“This is the true test of the road!” Drizzt yelled to them through the howling wind. “Many more travelers are defeated by storms than by orcs, because they do not anticipate the dangers when they begin their journey!”
“Bah! A summer rain is all!” Bruenor snorted defiantly.
As if in prideful reply, a lightning bolt exploded just a few yards to the side of the riders. The horses jumped and kicked. Bruenor’s pony went down, stumbling split-legged into the mud and nearly crushing the stunned dwarf in its scramble.
His own mount out of control, Regis managed to dive from the saddle and roll away.
Bruenor got to his knees and wiped the mud from his eyes, cursing all the while. “Damn!” he spat, studying the pony’s movements. “The thing’s lame!”
Wulfgar steadied his own horse and tried to start after Regis’s bolting pony, but the hailstones, driven by the wind, pelted him, blinded him, and stung his horse, and again he found himself fighting to hold his seat.
Another lightning bolt thundered in. And another.
Drizzt, whispering softly and covering his horse’s head with his cloak to calm it, moved slowly beside the dwarf. “Lame!” Bruenor shouted again, although Drizzt could barely hear him.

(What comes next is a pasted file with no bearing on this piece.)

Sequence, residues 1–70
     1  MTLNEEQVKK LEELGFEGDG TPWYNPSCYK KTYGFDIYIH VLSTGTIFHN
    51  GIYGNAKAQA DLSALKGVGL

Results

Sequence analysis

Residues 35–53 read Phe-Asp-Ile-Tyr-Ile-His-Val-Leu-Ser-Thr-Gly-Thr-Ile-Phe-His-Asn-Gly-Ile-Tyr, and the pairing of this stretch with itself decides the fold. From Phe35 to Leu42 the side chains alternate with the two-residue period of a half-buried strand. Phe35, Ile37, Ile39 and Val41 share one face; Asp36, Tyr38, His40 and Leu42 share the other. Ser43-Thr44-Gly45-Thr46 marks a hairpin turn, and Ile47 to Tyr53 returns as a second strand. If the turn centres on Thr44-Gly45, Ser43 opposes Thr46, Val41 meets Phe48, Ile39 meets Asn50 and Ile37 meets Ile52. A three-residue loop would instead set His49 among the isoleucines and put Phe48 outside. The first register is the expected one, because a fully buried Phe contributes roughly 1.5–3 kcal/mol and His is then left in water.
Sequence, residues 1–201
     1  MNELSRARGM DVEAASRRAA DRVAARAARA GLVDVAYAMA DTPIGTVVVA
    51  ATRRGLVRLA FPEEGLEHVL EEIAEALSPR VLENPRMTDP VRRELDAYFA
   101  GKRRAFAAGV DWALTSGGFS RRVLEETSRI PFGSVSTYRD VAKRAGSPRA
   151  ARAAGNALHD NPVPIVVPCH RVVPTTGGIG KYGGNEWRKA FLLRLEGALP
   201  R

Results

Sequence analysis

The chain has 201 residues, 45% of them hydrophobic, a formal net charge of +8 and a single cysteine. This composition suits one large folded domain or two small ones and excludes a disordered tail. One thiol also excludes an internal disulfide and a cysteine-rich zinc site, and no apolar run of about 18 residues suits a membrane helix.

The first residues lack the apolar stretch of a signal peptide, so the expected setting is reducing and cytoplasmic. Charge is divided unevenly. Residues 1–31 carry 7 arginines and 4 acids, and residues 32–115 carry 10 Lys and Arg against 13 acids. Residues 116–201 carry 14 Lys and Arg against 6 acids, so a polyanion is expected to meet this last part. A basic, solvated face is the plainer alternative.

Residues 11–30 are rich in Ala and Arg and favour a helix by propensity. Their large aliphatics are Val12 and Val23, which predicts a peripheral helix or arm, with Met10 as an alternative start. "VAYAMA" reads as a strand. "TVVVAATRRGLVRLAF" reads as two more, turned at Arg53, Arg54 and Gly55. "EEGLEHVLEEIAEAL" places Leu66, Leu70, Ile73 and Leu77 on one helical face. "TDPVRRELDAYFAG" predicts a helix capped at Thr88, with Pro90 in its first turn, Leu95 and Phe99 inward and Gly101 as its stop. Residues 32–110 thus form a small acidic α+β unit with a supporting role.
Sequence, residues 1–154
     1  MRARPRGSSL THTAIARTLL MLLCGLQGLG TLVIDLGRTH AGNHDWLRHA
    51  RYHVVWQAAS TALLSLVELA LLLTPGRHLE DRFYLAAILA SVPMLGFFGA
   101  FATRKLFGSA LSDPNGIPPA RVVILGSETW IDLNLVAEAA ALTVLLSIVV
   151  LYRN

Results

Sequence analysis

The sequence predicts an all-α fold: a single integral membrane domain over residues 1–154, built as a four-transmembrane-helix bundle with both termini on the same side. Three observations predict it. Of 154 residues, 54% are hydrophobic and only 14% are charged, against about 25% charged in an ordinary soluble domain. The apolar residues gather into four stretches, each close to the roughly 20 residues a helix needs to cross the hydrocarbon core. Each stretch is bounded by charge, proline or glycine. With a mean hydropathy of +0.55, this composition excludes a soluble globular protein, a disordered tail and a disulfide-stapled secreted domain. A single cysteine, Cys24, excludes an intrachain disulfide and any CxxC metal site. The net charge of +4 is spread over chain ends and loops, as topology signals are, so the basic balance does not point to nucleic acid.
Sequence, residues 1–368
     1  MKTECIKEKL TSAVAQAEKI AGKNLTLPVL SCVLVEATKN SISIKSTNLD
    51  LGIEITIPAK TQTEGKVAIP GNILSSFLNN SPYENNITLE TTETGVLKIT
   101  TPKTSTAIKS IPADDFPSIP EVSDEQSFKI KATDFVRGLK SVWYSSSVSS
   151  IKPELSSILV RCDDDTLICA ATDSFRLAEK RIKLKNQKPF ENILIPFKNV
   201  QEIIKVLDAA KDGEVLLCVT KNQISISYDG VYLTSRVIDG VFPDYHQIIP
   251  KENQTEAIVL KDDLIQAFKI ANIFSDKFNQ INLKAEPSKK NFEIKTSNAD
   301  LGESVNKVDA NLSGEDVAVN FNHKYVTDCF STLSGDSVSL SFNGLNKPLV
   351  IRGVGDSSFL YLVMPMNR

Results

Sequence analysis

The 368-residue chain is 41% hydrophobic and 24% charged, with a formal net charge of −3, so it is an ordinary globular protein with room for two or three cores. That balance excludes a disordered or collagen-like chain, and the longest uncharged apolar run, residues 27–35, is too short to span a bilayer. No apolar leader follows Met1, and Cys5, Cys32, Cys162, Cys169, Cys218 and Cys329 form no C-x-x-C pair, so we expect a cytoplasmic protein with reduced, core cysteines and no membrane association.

Drizzt only shook his head helplessly and pointed to Bruenor’s axe.
More lightning came, and another blast of wind. Drizzt rolled to the side of his mount to shield himself, aware that he could not keep the beast calm much longer.
The hailstones began to come larger, striking with the force of slung bullets.
Drizzt’s terrified horse jerked him to the ground and, bucked away, trying to flee beyond the reach of the punishing storm.
Drizzt was up quickly beside Bruenor, but any emergency plans the two might have had were immediately deterred, for then Wulfgar stumbled back toward them.
He was walking – barely – leaning against the wind’s push, using it to hold him upright. His eyes seemed droopy, his jaw twitched, and blood mixed with the rain on his cheek. He looked at his friends blankly, as if he had no comprehension of what had happened to him.